Medical miracles

Here are some anecdotal case histories:

  • One man was cured of headaches so severe he was unable to sleep.
  • Another, with an infected wound made by an arrow that had pierced his chest, slept beside an altar and awakened with a sound skin, holding the arrow point in his hand.
  • A third man had a piece of metal fixed in his jaw for six years. When he slept in church, God appeared in a dream and pulled out the metal. When day came, the man departed cured, holding the metal in his hands.
  • A woman became blind in one eye. She laughed at the stories of cures. When she slept in church, she dreamed that she saw God standing beside her. He told her that he would cure her if she promised to make a donation to the church. Then he cut the diseased eyeball and poured in medicine. Next day, she she could see with both eyes.

If these stories of medical miracles convince you, direct your prayers to Asclepius the healer god. The cult of Asclepius, the god of healing, was both a religion and a system of therapeutics.

Tough toddler has rare muscle metabolism

A toddler in Michigan has the muscles of an athlete. He is adopted, so his parentage is unknown. But he has a rare condition that promotes growth of the skeletal muscles. He has 40% more muscle mass than expected. He is strong and quick with a fast metabolism and almost no body fat. Liam has a rare genetic condition called myostatin-related muscle hypertrophy.

Myostatin-related muscle hypertrophy was documented in beef cattle and mice in the late 1990s. In 1997, researchers at Johns Hopkins University Hospital in Baltimore found that Belgian Blue cattle, an unusually muscular breed, had mutations in the gene that produces myostatin. Then they produced muscular mice by deactivating the rodent version of the myostatin gene and published their results.

Scientists are excited. They have located enough adults with this coondition to start a research study without needing Liam to take part. The research could lead to new treatments for debilitating ailments in which muscles deteriorate, such as muscular dystrophy and osteoporosis.

The first human case, in a German boy, was documented in 2000; but wasn’t reported in medical literature until 2004. Kathryn R. Wagner, a genetics expert at Johns Hopkins, says that it’s so rare that we don’t know how many people have it.

There are two kinds of myostatin-related muscle hypertrophy:

  • In some people, a genetic mutation prevents the body from producing myostatin. Those individuals can have twice the normal amount of muscle mass.
  • In others, like Liam, myostatin is produced but the muscle cells don’t take it in. People with his condition can have up to 50 per cent more muscle mass than the average person.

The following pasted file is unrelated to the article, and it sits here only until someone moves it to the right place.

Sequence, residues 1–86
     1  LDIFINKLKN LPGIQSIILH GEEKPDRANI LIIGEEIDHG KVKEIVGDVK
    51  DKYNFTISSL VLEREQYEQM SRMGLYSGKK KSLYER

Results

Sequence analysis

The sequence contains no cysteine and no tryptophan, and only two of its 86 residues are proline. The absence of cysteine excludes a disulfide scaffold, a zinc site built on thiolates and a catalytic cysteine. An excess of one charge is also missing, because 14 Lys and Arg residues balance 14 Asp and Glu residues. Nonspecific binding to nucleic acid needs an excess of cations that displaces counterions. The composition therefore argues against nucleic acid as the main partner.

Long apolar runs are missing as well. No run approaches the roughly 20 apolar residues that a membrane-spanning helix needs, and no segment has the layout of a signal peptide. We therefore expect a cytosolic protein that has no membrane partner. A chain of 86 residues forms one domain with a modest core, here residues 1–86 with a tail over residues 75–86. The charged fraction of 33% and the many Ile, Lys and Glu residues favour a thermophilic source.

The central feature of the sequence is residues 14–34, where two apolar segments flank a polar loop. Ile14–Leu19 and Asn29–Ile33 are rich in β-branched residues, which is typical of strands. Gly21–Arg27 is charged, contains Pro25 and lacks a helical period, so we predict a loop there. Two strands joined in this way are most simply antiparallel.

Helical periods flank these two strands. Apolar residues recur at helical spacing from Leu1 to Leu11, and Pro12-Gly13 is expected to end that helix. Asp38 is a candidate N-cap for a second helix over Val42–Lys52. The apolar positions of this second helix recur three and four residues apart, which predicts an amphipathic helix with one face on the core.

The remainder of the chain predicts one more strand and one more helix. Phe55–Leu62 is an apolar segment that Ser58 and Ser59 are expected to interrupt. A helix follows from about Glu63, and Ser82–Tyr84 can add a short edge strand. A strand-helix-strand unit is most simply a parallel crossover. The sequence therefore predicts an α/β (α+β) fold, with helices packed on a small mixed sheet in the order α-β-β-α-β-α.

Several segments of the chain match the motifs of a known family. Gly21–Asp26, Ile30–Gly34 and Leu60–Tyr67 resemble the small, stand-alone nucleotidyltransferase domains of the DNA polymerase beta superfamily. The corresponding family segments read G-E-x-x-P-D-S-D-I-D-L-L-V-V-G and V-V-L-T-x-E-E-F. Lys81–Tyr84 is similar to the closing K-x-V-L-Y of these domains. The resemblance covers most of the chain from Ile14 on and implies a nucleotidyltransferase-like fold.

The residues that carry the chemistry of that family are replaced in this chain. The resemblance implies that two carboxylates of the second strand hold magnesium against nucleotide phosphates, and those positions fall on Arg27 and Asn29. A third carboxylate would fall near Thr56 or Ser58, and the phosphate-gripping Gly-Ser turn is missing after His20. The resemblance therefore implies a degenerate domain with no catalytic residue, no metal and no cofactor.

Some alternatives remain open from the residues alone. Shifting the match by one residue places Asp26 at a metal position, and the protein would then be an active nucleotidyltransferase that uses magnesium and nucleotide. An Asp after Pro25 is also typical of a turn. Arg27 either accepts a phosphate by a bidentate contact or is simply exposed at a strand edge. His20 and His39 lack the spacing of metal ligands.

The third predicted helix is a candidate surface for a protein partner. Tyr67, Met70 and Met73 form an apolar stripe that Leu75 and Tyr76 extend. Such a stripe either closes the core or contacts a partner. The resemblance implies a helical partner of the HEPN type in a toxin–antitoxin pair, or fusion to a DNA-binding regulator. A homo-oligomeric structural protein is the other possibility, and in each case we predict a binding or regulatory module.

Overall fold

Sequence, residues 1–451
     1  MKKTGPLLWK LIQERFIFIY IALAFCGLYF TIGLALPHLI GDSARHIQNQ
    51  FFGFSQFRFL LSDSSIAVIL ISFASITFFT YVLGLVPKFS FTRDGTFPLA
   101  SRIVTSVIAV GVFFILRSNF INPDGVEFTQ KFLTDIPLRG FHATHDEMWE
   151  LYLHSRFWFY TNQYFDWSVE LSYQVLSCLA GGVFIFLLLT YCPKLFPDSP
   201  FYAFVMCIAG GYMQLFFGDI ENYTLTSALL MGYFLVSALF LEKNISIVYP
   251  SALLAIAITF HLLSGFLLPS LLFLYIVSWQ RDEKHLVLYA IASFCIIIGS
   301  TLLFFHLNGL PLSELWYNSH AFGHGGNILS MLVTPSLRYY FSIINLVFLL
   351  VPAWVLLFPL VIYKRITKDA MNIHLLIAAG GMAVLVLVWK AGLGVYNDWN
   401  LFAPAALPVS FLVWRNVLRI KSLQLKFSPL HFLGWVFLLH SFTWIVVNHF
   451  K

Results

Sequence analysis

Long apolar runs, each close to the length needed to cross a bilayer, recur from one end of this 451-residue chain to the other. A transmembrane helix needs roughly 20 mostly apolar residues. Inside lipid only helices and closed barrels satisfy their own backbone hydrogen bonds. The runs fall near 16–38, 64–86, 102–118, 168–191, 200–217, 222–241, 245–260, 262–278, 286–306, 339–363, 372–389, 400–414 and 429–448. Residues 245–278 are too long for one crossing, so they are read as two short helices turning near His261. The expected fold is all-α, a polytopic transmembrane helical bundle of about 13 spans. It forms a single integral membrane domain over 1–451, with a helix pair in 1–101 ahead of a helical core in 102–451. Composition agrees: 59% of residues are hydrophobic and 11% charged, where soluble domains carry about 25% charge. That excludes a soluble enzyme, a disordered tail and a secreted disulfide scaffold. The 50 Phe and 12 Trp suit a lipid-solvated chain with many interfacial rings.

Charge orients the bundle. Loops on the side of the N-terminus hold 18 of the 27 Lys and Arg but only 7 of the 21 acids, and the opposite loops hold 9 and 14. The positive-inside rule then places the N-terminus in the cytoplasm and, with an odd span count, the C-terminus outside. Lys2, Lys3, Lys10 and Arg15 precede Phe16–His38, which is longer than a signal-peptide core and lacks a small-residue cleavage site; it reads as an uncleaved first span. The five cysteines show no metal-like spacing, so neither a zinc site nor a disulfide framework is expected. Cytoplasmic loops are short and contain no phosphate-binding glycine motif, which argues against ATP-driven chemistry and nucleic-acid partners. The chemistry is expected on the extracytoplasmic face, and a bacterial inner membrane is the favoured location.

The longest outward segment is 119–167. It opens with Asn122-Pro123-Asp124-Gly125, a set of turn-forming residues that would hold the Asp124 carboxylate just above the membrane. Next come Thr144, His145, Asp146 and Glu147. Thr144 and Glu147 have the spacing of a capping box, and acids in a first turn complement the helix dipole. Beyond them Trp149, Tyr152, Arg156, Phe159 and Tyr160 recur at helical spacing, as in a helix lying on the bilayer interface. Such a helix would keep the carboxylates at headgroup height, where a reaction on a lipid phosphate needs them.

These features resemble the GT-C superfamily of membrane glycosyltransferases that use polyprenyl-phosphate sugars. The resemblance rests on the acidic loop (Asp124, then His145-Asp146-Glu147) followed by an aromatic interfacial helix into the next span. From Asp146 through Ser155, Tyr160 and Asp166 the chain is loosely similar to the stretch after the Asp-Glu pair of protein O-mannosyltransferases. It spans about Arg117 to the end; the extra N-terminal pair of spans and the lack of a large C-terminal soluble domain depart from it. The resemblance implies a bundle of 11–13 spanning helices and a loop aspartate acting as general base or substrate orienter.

The result of both types of myostatin-related muscle hypertrophy generally are the same: above average growth of skeletal muscles, incredible strength, a warp-speed metabolism and minimal body fat.

For Liam, the condition has one potential drawback: Infants and toddlers need some body fat to feed brain growth and the development of the central nervous system.

Without adequate body fat, a child’s growth can be stunted and the central nervous system can be impaired, said Dr. Erlund Larson, an internist at Hackley Hospital who is familiar with Liam’s condition.

For Liam’s parents, the most pressing challenge is feeding the boy enough protein every day to fuel his body’s high-performance motor. The wiry but muscular toddler eats six full meals per day and still struggles to gain weight.

“If the myostatin protein is knocked out, muscles grow and rejuvenate much more quickly,” Dr. Larson said. “It has potential for great abuse in the future as the new steroid.”

Some body-building powders claim to have myostatin-blocking powers, but scientists say that they don’t.

Could a toddler like Liam have added to the Hercules legend? While still a baby, Hercules was said to have strangled a snake that came into his cradle.

Carl Sagan’s "Pale Blue Dot"

In this video clip, Carl Sagan describes the Earth’s place in the universe.

Bone blog

Just for the pure pleasure of it, hop on over to R. E. Wolf’s Bone and Shadow, a blog of anatomical art.

Enfolding communities

From Growing Up Churched, a blogger introduces herself and speaks of the sense of community in a fundamentalist church. Even though the environment was abusive and isolated from the rest of the world, she knew she belonged.

It reminds me very mildly of going to a school-friend’s Baptist church in my youth. The congregation were so determinedly friendly that I felt as if I were being jumped on by puppies. In short, I wasn’t used to so much concentrated friendliness.

Carl Sagan reviews evolution

In this video, Carl Sagan reviews the course of evolution. It’s nicely illustrated with animated line drawings.

Tampering with the legal branch

Blogger Ken Ashford explains “Why the U.S. attorney-firing scandal matters.” The ones who were fired were the ones that resisted pressure from a government bent on subverting the impartiality of the justice system. Welcome to the third world, folks!

Jerry Falwell’s legacy

Blogger Ken Ashford reviews the accomplishments of Jerry Falwell’s life, from fabricating quotations and interviews to making illegal political contributions to inciting hatred with his bombastic pronouncements.

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